Geographic tongue is a map-like appearance of your tongue due to irregular patches on its surface.
Patches on the tongue; Tongue - patchy; Benign migratory glossitis; Glossitis - benign migratory
Causes, incidence, and risk factors
The specific cause of geographic tongue is unknown, although vitamin B deficiency may be involved. Other causes may include irritation from hot or spicy foods, or alcohol. The condition appears to be less common in smokers.
The pattern on the surface of the tongue may change very rapidly. This pattern change occurs when there is a loss of the tiny, finger-like projections, called papillae, on the tongue's surface. This makes areas of the tongue flat. These areas are said to be "denuded." Denuded areas may persist for more than a month.
Map-like appearance to the surface of the tongue
Patches that move from day to day
Smooth, red patches and sores (lesions) on the tongue
Soreness and burning pain (in some cases)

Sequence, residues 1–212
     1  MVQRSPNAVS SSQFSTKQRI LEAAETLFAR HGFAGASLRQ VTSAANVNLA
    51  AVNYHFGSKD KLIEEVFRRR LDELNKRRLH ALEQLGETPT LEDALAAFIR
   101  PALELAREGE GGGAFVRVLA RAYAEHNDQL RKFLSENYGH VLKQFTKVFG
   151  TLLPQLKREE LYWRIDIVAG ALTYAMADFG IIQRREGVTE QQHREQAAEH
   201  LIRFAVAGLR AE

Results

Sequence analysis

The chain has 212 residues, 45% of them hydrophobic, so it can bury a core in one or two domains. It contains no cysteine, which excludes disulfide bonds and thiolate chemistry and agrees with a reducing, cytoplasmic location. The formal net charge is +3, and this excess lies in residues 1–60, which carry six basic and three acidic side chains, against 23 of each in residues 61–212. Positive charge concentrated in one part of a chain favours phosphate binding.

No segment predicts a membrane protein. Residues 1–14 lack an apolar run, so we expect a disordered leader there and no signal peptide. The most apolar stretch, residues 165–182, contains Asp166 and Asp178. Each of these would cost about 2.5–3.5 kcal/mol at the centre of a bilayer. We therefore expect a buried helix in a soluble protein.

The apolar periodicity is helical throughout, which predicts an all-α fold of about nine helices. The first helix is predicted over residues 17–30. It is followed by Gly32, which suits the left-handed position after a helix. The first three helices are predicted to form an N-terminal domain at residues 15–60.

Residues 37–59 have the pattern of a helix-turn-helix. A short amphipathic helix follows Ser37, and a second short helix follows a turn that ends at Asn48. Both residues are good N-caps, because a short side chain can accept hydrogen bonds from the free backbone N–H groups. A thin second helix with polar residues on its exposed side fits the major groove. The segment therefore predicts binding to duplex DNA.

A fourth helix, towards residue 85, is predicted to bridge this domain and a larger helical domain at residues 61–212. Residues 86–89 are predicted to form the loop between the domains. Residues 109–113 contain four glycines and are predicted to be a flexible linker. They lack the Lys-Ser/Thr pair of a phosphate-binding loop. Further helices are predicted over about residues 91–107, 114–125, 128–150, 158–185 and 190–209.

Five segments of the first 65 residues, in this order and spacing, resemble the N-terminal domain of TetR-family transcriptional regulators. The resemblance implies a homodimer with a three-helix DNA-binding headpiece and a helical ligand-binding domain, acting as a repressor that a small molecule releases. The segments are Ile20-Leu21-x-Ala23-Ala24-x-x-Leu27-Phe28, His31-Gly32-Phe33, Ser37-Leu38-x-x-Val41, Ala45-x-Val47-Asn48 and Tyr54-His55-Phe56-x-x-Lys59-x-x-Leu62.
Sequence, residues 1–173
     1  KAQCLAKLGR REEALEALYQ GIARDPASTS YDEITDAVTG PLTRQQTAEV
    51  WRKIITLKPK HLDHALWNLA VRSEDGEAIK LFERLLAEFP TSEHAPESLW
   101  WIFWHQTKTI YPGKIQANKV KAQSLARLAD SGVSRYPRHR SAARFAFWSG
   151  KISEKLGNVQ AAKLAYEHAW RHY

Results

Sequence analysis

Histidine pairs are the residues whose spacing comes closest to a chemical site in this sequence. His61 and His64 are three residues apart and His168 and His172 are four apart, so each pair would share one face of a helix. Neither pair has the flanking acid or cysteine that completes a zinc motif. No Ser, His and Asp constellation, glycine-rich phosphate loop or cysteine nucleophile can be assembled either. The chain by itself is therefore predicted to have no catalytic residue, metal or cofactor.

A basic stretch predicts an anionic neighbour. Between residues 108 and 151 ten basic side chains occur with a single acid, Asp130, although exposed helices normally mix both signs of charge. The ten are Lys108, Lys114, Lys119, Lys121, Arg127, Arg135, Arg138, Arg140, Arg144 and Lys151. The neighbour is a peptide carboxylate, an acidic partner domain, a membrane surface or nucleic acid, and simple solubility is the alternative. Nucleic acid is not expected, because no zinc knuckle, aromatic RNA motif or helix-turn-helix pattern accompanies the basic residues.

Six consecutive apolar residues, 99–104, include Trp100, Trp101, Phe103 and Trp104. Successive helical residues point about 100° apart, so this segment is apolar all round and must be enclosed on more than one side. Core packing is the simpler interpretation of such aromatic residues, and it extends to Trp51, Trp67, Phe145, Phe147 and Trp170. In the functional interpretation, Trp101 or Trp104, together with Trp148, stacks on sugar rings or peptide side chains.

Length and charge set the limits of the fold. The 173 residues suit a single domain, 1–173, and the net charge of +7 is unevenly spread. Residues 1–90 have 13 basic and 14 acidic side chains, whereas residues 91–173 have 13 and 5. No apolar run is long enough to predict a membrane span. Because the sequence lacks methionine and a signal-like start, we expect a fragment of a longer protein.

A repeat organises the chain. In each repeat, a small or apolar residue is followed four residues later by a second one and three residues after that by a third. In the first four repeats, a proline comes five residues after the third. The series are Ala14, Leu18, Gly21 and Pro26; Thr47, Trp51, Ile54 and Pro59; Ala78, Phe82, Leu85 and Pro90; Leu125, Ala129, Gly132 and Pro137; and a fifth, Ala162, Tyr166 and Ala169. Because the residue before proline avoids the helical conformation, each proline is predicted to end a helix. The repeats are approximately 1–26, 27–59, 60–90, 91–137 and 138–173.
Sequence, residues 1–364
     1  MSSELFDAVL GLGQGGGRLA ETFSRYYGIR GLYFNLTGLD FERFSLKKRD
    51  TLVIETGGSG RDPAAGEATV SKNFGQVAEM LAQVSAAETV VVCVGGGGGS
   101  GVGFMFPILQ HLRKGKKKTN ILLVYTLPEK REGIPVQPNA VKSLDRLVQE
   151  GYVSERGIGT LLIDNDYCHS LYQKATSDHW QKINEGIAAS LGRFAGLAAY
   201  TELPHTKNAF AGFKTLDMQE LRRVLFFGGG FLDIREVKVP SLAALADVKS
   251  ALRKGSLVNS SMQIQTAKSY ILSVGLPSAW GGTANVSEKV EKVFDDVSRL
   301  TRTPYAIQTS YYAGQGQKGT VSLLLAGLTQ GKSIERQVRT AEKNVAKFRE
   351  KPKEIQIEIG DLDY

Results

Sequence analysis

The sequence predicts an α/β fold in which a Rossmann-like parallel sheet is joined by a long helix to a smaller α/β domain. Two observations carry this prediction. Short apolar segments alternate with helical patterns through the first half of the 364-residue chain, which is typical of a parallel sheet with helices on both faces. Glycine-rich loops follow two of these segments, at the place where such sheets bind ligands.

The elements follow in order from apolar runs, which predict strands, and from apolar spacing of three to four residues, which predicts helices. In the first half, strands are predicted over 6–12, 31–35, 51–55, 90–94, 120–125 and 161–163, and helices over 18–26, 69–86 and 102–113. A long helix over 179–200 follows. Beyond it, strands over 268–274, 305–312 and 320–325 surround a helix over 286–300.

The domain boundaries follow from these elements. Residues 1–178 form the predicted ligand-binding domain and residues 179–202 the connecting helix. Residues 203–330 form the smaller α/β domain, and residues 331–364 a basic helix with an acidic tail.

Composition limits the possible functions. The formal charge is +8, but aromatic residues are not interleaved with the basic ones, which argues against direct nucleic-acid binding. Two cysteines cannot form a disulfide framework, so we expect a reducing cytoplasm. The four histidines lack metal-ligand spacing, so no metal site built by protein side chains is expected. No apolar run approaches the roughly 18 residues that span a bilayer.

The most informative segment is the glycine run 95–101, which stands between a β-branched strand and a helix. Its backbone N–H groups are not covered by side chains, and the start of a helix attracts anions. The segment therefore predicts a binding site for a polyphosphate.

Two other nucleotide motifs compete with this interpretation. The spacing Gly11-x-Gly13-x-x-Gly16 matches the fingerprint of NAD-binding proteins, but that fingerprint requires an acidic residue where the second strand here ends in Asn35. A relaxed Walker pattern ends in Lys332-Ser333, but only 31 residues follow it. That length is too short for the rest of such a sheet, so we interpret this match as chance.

Signs and tests
Your doctor will usually diagnose this condition by examining your tongue. Tests are usually not needed.
No treatment is needed, but antihistamine gel or steroid mouth rinses may help with discomfort.
Geographic tongue is a harmless condition, but it can be persistent and uncomfortable.
Calling your health care provider
Call your doctor if the symptoms last longer than 10 days. Seek immediate medical help if:
Breathing trouble occurs
The tongue is severely swollen
There are problems with speaking, chewing, or swallowing
Avoid irritating your tongue with hot or spicy food or alcohol if you are prone to this condition.
Reamy BV, Derby R, Bunt CW. Common tongue conditions in primary care. Am Fam Physician. 2010;81(5):627-634.
Mirowski GW, Mark LA. Oral disease and oral-cutaneous manifestations of gastrointestinal and liver disease. In: Feldman M, Friedman LS, Brandt LJ, eds. Sleisenger & Fordtran's Gastrointestinal and Liver Disease. 9th ed. Philadelphia, Pa: Saunders Elsevier;2010:chap 22.
Linda J. Vorvick, MD, Medical Director, MEDEX Northwest Division of Physician Assistant Studies, University of Washington, School of Medicine; and Seth Schwartz, MD, MPH, Otolaryngologist, Virginia Mason Medical Center, Seattle, Washington. Also reviewed by David Zieve, MD, MHA, Medical Director, A.D.A.M., Inc.